Larry Lyons: The animals officially declare winter is over

Published 1:26 pm Thursday, March 11, 2010

lyonsLate last week, Wednesday, Thursday and Friday to be precise, the animals around here declared winter over.

Approaching balmy days were in the forecast but had not yet arrived so their declaration wasn’t in response to the current weather. I guess they just decided enough was enough and it was time to get on with it even if the days were cold and the snow still deep.

The first thing I noticed were the turkeys. A flock of about 40 has been a daily fixture in the tofu bean field next to the house all winter. On Wednesday some of the toms shook the frost off their feathers and began displaying their fans for the ladies. It started with just a couple then spread to the others.

The young jakes, knowing the futility of competing with the big boys, began fighting amongst themselves. The hormones were flowing and it was quite a sight. Toms all across the field strutted with fanned tails while the jakes were running around flailing and thrashing each other. It is just early March, though, and the hens weren’t the least bit impressed with any of it.

The drake mallards down on the creek were feeling especially amorous that day, too, though their hens were equally unimpressed. A short while later I noticed a bluebird perched atop a mountain of snow piled by the snowplow. Of course, bluebirds occasionally appear during winter but he added credence to the declaration. What really set me back was when later that morning a woodchuck ran across the yard. It was only 26 degrees and the ground fully snow covered, but I guess when you have insomnia you might as well go for a stroll.

Early Thursday morning he was again out and about while the thermometer hung at 15 degrees. A couple hours later as I walked out the door I heard the unmistakable raucous squawk of a sandhill crane wafting down from far up in the sky. While individuals of some migratory species such as blue herons, geese and swans choose to winter over, I’ve never seen a sandhill tough it out. He was surely just up from the south.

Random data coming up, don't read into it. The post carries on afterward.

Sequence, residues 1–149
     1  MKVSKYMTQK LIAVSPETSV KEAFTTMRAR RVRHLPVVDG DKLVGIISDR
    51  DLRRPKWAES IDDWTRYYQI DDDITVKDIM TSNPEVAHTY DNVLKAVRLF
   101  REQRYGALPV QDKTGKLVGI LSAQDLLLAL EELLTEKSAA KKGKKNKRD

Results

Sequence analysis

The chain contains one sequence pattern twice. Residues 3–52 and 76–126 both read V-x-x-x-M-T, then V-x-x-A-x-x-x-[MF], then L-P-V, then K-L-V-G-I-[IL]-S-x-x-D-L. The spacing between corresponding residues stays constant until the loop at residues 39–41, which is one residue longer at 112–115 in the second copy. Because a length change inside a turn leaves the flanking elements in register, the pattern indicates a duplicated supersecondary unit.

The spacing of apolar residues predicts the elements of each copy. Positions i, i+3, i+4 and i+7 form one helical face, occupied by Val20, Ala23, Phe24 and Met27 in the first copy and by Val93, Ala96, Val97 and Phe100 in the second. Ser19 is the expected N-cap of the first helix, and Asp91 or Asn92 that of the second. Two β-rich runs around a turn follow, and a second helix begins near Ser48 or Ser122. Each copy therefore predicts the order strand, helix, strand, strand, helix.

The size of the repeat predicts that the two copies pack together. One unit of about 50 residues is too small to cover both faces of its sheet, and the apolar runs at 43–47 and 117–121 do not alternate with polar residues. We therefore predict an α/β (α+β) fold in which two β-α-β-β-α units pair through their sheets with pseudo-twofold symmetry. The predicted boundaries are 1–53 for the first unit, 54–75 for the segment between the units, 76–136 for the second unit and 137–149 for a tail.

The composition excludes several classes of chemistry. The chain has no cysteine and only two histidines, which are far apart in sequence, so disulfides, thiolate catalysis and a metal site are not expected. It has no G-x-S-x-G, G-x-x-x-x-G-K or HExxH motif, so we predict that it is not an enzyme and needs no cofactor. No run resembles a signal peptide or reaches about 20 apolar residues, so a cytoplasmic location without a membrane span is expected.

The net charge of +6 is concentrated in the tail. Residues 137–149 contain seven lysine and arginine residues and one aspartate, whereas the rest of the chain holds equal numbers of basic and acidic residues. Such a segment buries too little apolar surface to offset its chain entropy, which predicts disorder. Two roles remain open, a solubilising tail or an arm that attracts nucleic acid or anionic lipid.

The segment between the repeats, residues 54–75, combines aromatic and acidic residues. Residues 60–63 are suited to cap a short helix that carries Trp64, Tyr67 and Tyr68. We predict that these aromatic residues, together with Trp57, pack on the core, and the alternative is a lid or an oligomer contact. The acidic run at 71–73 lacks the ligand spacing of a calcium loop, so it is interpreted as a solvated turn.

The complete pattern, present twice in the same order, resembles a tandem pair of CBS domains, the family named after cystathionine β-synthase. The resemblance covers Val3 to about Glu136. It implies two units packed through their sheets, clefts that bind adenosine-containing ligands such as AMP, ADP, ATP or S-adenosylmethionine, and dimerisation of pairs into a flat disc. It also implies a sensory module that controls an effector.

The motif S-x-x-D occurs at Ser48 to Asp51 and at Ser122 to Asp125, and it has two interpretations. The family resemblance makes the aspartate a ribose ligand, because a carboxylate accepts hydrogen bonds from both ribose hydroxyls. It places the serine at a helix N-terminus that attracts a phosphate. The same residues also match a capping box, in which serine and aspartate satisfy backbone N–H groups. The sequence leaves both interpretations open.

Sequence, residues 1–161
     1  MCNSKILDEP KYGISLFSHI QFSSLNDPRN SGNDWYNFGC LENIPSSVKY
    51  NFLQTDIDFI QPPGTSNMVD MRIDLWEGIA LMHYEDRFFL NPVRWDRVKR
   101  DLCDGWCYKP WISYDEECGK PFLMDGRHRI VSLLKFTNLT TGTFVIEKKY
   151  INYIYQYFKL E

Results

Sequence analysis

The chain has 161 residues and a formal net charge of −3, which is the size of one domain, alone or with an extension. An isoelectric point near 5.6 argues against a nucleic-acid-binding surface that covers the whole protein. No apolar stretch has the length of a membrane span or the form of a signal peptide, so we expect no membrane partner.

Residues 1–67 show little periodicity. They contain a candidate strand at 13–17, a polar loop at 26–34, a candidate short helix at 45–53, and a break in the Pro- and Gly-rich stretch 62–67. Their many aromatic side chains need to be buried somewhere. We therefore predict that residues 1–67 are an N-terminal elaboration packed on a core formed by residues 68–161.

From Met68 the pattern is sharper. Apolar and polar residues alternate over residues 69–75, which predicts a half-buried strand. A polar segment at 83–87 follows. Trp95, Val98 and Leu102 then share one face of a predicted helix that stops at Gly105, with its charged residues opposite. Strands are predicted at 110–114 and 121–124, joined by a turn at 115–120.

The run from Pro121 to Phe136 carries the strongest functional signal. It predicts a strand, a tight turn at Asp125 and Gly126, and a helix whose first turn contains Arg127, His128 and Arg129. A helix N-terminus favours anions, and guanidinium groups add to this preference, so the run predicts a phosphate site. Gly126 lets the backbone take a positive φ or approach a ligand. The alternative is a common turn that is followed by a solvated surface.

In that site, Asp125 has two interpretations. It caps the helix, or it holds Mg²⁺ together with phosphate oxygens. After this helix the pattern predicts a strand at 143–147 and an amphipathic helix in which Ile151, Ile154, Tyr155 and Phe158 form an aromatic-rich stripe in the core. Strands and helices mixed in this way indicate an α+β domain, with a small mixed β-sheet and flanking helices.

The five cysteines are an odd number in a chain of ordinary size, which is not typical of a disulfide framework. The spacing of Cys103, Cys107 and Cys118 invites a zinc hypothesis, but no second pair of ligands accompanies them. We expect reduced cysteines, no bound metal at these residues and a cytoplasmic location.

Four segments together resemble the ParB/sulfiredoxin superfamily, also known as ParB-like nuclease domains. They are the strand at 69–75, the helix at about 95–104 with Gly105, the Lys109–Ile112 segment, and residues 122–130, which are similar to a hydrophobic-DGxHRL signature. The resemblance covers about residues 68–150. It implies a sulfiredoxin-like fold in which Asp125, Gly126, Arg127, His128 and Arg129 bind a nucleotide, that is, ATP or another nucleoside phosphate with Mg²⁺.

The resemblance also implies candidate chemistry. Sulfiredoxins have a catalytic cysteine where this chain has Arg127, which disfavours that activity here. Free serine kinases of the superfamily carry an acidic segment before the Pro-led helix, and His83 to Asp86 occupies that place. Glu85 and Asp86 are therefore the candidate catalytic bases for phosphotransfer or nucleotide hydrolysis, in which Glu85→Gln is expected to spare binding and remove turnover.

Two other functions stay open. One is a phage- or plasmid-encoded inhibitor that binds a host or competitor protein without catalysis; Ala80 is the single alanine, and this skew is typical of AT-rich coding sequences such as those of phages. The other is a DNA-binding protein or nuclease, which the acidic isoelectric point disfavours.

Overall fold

Thursday was also the first time this year I heard doves cooing. Knowing how doves like to get an early start on kid production, they’ve probably been warming up for some whoopee for a while now but that’s the first I’ve heard them. Throughout the day a number of doves chased the woman of their dreams under the bird feeders while the gals coyly tantalized them by staying just out of reach. I also noticed a tiny bird on the feeder that I didn’t immediately recognize.

It was drab but had a conspicuous, light colored spot on top of its head. The binoculars proved it to be a female goldfinch just starting to molt into her cheery summer colors.
We live about a half mile off the road and a portion of our driveway runs through a woods. Friday I was heading out the drive and noticed a huge pile of stringy wood chips at the base of a big oak tree. I couldn’t figure out where in the world that came from until I looked further up the tree. There was not one, but three big holes bored into the trunk.  From their large, oval shape I knew it was a pileated woodpecker building a new house for his bride and upcoming family. I don’t know why the triplex condo, maybe he had trouble getting it just right.

During lunch I was thinking with all the spring goings-on it was about time for the wood ducks to start showing up. I glanced down at the creek and there, right on cue, was a male woody, the bright sun showing his dazzling colors to their fullest. Next to him was his potential bride. Of course, the first real spring harbingers to show up every year are red-winged blackbirds. You guessed it, Friday afternoon a red-wing landed on the feeder. The spring-has-sprung declaration was right on. Just days later it turned a toasty 50 degrees.

Carpe diem.

Larry Lyons writes a weekly outdoor column for Leader Publications. He can be reached at